I think that Ben has a point in arguing that Occam's Razor is always handy. But the important thing is that we apply it at all steps of the logical process. As Ben notes, once you get past the origin of matter itself, you can fiddle around a bit and find a way that life could have sprung into being. And then, because life is indeed evident as a fact, one surmises that this is how life must have come about.
But this is simply an unacceptable leap of logic. You cannot leap from could to must. That is a leap of faith, and fatal to logic. My argument, as noted in earlier posts and my American Spectator article on Antony Flew, is that the very first premise, which Ben has astutely brought up, is in fact the esential one, and I will now make the further point that anything that depends on that premise is suspect. To wit: until you can show us how to make matter appear out of nothing, you have nothing on which to base Darwinism. You may very well say that you simply have to have that hypothesis, given that the cosmos is here and life is here and so it must all have happened somehow, but that is not an argument for anything at all. It establishes nothing. Hence, for a truly reasonable person the argument over Darwinism must be based on whether the fossil record and other evidence show that evolution by natural selection is the simplest explanation that fits the facts. Unfortunately, it is not, because it does not fit the facts. We have never seen a single instance of interspecies evolution, only intraspecies evolution, which nobody denies. Evolution by natural selection is certainly possible and perhaps even plausible, but the facts to support it have yet to be adduced. Hence, one should feel free to dismiss it and still consider oneself perfectly reasonable and scientific.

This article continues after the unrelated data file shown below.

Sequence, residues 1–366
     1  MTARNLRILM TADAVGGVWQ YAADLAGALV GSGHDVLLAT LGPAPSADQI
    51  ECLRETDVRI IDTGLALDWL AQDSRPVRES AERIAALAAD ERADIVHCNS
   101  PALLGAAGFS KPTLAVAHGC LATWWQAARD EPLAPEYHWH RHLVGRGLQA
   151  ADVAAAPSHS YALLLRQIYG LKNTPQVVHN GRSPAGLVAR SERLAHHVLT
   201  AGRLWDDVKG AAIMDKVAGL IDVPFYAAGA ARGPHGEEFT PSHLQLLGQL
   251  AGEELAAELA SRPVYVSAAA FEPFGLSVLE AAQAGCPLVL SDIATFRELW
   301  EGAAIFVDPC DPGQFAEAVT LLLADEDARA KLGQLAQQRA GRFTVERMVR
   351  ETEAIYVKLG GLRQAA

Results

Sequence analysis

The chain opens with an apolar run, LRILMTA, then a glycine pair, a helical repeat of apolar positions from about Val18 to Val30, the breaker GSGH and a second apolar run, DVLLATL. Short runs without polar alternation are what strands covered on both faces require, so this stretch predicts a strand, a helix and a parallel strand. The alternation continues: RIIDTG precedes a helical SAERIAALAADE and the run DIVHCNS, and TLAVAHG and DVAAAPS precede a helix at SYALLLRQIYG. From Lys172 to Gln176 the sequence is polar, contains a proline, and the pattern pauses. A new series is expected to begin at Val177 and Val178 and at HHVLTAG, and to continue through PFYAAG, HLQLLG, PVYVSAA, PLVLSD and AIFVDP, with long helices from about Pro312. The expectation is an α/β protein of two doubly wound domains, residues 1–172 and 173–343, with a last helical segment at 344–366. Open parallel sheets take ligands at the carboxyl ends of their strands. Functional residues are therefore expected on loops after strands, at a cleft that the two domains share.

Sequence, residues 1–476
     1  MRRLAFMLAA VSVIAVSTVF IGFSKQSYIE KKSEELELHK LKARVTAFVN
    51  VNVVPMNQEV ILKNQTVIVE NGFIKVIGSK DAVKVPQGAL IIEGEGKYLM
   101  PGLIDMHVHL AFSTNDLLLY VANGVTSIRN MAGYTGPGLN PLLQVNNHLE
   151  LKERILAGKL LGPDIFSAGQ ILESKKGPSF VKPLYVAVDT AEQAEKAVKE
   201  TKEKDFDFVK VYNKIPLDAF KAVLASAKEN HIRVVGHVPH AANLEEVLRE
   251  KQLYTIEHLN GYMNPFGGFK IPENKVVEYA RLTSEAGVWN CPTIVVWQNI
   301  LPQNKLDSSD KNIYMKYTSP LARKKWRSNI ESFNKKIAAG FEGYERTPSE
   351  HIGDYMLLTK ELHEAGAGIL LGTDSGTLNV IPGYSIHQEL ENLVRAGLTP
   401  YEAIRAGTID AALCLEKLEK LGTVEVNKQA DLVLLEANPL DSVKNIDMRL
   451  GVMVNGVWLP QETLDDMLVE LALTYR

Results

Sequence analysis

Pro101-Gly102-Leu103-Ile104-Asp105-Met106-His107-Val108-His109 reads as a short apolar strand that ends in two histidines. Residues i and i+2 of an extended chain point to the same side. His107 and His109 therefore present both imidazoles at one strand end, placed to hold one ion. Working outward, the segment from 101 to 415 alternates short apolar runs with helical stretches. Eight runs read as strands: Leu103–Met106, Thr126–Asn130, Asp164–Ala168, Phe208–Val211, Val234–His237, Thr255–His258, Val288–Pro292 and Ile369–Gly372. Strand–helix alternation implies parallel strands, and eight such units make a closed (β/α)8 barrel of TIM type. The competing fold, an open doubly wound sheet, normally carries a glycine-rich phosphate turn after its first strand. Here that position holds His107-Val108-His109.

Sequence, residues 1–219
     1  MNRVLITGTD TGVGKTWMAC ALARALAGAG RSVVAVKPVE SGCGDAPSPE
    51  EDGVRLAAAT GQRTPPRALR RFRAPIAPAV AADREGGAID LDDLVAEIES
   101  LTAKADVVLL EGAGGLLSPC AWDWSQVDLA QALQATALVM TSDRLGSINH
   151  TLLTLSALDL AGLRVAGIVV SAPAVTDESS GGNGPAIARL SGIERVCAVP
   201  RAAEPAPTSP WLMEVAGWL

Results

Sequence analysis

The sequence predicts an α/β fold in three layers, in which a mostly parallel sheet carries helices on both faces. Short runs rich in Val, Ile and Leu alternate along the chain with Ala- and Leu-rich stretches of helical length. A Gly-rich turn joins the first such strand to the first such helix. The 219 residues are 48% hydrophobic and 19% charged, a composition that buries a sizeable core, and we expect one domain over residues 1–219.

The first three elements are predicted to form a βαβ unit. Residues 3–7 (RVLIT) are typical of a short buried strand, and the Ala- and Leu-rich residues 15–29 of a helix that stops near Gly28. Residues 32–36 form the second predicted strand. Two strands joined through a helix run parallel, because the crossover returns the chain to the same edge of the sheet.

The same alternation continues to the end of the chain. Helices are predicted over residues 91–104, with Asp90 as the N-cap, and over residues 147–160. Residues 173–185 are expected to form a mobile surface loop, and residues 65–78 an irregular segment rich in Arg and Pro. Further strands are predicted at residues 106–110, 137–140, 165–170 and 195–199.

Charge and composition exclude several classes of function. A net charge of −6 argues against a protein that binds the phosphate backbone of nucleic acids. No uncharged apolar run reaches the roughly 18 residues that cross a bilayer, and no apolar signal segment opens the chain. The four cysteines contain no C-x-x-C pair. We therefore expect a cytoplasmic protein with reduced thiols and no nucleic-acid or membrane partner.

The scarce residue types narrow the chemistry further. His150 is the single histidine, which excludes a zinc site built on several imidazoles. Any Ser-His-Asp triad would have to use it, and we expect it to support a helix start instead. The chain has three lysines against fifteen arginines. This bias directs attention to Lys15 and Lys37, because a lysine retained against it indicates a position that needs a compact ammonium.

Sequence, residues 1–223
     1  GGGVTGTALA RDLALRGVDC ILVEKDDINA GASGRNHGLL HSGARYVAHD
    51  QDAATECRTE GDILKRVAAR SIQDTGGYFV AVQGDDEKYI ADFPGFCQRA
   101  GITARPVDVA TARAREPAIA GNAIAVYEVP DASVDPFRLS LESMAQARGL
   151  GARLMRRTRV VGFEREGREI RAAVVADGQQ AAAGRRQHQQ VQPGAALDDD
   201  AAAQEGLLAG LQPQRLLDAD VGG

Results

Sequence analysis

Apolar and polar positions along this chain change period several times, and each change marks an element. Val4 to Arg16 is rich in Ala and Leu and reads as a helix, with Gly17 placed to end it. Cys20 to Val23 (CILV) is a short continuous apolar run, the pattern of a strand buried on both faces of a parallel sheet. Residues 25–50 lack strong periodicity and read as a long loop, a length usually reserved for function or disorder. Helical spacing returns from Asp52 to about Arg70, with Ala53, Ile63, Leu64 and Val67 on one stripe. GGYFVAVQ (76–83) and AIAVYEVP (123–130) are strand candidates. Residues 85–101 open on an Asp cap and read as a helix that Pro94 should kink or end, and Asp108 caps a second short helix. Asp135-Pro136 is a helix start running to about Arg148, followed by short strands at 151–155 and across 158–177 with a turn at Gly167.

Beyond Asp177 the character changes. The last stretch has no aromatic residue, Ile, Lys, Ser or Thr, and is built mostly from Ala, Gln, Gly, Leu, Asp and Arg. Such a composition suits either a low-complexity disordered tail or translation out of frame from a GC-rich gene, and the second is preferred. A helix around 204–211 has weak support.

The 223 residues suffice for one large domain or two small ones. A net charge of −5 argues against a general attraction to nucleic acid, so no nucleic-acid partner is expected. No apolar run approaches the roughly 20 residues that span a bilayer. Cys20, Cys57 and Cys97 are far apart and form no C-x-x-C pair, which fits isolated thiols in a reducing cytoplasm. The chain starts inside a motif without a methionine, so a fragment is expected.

But then, it is fair to complain, we seem to be left with no defensible scientific explanation of the origin of life, the origin of species, or the origin of matter and energy. That is correct. My point is that no explanation of these things is fundamentally scientific. Let me state it again: no explanation yet offered of the origin of matter and energy, or of the origin of life, is fundamentally scientific. In this utterly essential regard, theists and atheists are on level ground. We should apply Occam's Razor to all claims, and to all the premises behind those claims.
Whatever can be proven from the facts of the world, we should accept as true. Whatever cannot, should be a matter for free and open debate. Those who would close off such debate should be seen as nothing more than superstitious bullies.